This week, I am being honored by the United States Citizenship and Immigration Services as an "Outstanding American by Choice." This strikes me as an interesting name for an award. It is meant, of course, to recognize selected citizens who were not born in America. But the idea of being an American by choice points to an important, and perhaps unintended truth: being American is not simply reducible to the happy accident of birth. Americans, both natural and naturalized, must be trained — they must be made — and much of my time these days is devoted to making Americans out of people who just happened to have been born here.
Over fifty years ago, when I was just shy of my tenth birthday, my family fled Hungary during the failed revolution against the Russian Communists. Our family's story was like so many of the refugees from communism, complete with relatives arrested, property seized, and a nighttime dash to freedom. The decision to escape was an easy one to make (although not so easy to execute), but the question I had — the one I distinctly recall asking my father — was "Where are we going?" We could have stayed in Europe — and indeed, the Germans would have welcomed us as Volk deutsche because of our German surname — but this was not my father's plan. "We are going to America," he said. "Why America?" I prodded. "Because, son. We were born Americans, but in the wrong place."
Born Americans, but in the wrong place? I've spent the better part of the last fifty years working to more fully understand these words. Mind you, everyone understood America to be a free and good place where one might prosper unmolested. But in saying that we were "born Americans, but in the wrong place," Dad, in his way, was saying that he understood America to be both a place and an idea at the same time. Fundamentally, it is a place that would embrace us if we could prove that we shared in the idea. We meant to prove it.
Because America is more than just a place, being an American citizen is different than being the citizen of any other country on earth. We Americans do not look to the ties of common blood and history for connection as people the way the citizens of other countries do. Rather, our common bond is a shared principle. This is what Lincoln meant when he referred to the "electric cord" in the Declaration of Independence that links all of us together, as though we were "blood of the blood, and flesh of the flesh, of the men who wrote that Declaration."
Because ours is a bond of principle and not of blood, true American citizens are made and not born. This is why, odd as it may seem, we must all learn — those who are born here, and those who come here by choice — what it means to be an American. Regrettably, we are doing a poor job of passing this knowledge on to future generations. Looking to just one practical indicator, the most recent National Assessment of Educational Progress shows that 73 percent of twelfth-graders scored below the proficient level in civics, as did 78 percent of eighth-graders, and 76 percent of fourth-graders. To put this into perspective, 72 percent of eighth graders could not explain the historical purpose of the Declaration of Independence.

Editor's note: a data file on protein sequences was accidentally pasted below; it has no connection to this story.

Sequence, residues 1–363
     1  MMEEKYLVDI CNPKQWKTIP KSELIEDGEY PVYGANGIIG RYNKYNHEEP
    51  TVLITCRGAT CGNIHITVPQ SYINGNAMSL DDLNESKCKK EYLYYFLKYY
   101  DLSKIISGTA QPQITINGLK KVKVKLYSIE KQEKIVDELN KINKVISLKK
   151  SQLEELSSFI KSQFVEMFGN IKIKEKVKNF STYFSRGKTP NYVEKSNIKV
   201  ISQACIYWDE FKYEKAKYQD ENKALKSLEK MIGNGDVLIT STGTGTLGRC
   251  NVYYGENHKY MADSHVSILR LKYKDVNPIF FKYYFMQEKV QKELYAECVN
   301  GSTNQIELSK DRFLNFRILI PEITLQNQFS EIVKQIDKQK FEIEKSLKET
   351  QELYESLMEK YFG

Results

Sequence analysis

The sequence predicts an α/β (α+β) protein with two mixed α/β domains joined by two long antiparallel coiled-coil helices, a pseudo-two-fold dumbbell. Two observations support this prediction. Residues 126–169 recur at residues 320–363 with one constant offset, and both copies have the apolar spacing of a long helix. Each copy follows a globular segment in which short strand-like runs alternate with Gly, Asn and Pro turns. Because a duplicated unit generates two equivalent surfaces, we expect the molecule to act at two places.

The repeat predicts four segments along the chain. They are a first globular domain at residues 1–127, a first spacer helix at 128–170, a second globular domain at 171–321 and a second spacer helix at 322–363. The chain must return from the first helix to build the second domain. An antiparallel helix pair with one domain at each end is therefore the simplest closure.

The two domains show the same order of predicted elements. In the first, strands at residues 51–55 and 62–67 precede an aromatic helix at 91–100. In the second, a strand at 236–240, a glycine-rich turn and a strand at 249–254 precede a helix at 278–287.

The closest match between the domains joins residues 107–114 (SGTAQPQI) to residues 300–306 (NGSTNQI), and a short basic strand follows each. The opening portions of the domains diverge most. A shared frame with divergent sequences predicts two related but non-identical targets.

This ignorance is tragic not merely because it indicates a deficiency in our educational system, but because with it comes a loss of our national identity. And so, I find it somewhat ironic and yet very fitting that fifty years after coming to this great country, I spend my days at an institution where my job is to teach college students and high school teachers what it means to be an American.
In recent weeks, there has been much talk about immigration, but very little informed discussion about what it means to be an American — about what is necessary to make Americans. Yes, there needs to be a sensible policy for accepting new citizens, and for ensuring that those who come here do so legally. But what happens once they are here? I hear frequent conversations about failures in integration and assimilation, even among recent legal immigrants. This is not new. What is new is that America's own natural citizens increasingly have forgotten what it means to be American. Some do not know the basics principles of this country, and still others have embraced the ideology of multiculturalism and self-loathing to such a degree that they can no longer recognize, let alone proclaim, that ours is a great nation built on lasting principles. If we no longer understand or believe in that which makes us Americans, then there is nothing substantive to assimilate into. We become many and diverse people who share a common place, rather than E Pluribus Unum.
We cannot forget who we are. We are Americans. This is a great nation. We Americans insist on holding to the connection between freedom and justice, courage and moderation. We think that equality and liberty have ethical and political implications, and, as we have shown time-and-again throughout our history, we are willing to fight and to die to make men free. We need to impart these principles to succeeding generations.
We Americans correctly demand respect for our rights but, in getting that respect, we must continue to demonstrate that we continue to deserve it. We have to exercise our intelligence and develop our civic understanding so that we may preserve our liberty and pass it on, undiminished to the next generation. If government "of the people, by the people and for the people" is to endure, its endurance can only come from the devotion of Americans — born here and away — who have been so made.
By Peter W. Schramm